Chinese special envoy Zhang Yesui has stressed the urgency of continuing to make all-out efforts to find the Malaysia Airlines jetliner.
The appeal by Zhang came on Wednesday as new satellite images identified more than 120 objects in the southern Indian Ocean that might be from the ill-fated flight MH370.
The search remains the top priority and must be carried on unremittingly, Zhang, a vice-foreign minister, said when meeting Malaysian Prime Minister Najib Razak in Kuala Lumpur.
He also said he hoped that Malaysia would provide "comprehensive and correct" information that the Boeing 777-200 crashed into the southern Indian Ocean with all lives lost, as announced by Najib on Monday night.
Zhang, who arrived in the Malaysian capital on the instructions of President Xi Jinping, also met Malaysia's acting transport minister, Hishammuddin Hussein, and Malaysia Airlines executives.
The plane has been missing shortly after taking off on March 8 from Kuala Lumpur for Beijing with 239 people on board, including 154 Chinese nationals.
The latest sightings came as planes and ships stepped up the hunt.
Hishammuddin told a news conference: "We have now had four separate satellite leads, from Australia, China and France, showing possible debris. It is now imperative that we link the debris to MH370.
"As we have said all along, we will never give up trying to find the plane in order to bring closure for the families and to establish exactly what happened to MH370."
The latest images were captured by France-based Airbus Defence and Space on Monday and showed 122 objects in a 400-sq-km area of ocean, he said. The objects varied in length from 1 meter to 23 meters.
Calmer seas returned on Wednesday and the search resumed in remote waters off Western Australia.
A total of 12 planes and five ships from China, the United States, Japan, South Korea, Australia and New Zealand resumed the hunt for debris.
Three Chinese navy ships as well as icebreaker Xuelong, which was diverted from a mission in the Antarctic, have arrived in the search area designated by Australia.
Hishammuddin said the Chinese delegation led by Zhang was updated with the latest information from British company Inmarsat, whose satellite data led to the announcement that the flight ended in the Indian Ocean.
The delegation was also given a comprehensive briefing by the international technical team comprising experts from the Civil Aviation Administration of China.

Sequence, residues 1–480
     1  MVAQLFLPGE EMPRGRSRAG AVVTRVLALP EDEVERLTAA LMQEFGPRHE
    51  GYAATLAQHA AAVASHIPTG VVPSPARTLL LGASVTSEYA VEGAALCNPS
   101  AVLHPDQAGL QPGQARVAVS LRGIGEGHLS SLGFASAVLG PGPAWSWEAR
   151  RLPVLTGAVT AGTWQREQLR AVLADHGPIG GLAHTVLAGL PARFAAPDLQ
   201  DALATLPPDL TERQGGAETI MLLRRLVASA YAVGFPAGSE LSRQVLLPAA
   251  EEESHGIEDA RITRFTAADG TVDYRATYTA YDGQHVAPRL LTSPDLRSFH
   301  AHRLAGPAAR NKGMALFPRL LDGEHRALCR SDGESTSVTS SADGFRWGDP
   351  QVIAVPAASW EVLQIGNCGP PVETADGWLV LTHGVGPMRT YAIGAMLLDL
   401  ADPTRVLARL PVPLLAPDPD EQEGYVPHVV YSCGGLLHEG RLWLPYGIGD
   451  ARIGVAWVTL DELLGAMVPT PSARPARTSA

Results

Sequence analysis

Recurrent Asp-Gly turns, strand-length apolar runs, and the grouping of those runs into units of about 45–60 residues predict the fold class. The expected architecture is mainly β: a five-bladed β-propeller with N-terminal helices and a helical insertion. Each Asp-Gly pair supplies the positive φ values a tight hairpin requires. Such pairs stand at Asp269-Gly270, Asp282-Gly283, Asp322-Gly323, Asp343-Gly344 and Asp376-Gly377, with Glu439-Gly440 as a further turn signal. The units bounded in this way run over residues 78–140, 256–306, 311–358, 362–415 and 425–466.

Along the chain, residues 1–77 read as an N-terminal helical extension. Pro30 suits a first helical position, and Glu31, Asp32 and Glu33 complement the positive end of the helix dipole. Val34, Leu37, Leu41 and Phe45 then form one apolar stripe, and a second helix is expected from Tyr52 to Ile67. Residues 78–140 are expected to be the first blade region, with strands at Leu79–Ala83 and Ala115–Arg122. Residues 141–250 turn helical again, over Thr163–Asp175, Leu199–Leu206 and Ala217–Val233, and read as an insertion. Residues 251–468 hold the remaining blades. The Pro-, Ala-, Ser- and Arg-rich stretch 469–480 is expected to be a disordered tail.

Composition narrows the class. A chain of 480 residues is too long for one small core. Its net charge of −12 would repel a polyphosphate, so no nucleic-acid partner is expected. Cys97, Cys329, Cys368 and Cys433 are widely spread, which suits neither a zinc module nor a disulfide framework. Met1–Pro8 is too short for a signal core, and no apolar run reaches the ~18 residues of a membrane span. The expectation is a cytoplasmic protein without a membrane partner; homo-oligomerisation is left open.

Australia has divided the search area into two sectors, east and west, with six planes operating in each, Hishammuddin added.
The Australian Maritime Safety Authority, which is coordinating the search on Malaysia's behalf, said efforts on Wednesday focused on 80,000 sq km of ocean. The search area is about 2,500 km southwest of Perth.
Australian Prime Minister Tony Abbott told Parliament: "A considerable amount of debris has been sighted in the area where the flight was last recorded. Bad weather and inaccessibility have so far prevented any of it from being recovered. But we are confident that it will be."
In Beijing, families of the Chinese passengers remained angry after protesting in front of the Malaysian embassy on Tuesday.
"Without debris from the plane or bodies, no one has the right to say that our loved ones are dead. The evidence provided by the Malaysian government is not convincing at all," a member of the committee representing the families said. He was speaking as he questioned Malaysia Airlines representatives and the country's ambassador to China, Iskandar Sarudin, at the Metropark Lido Hotel in Beijing.
The airline representatives answered questions from the family members for more than three hours, but most of the passengers' relatives remained unsatisfied with the answers.
"We've lost trust in the Malaysian government," said a woman in her 50s who declined to be named. Her nephew was on the plane with his girlfriend.
"He was about to propose to her," she said.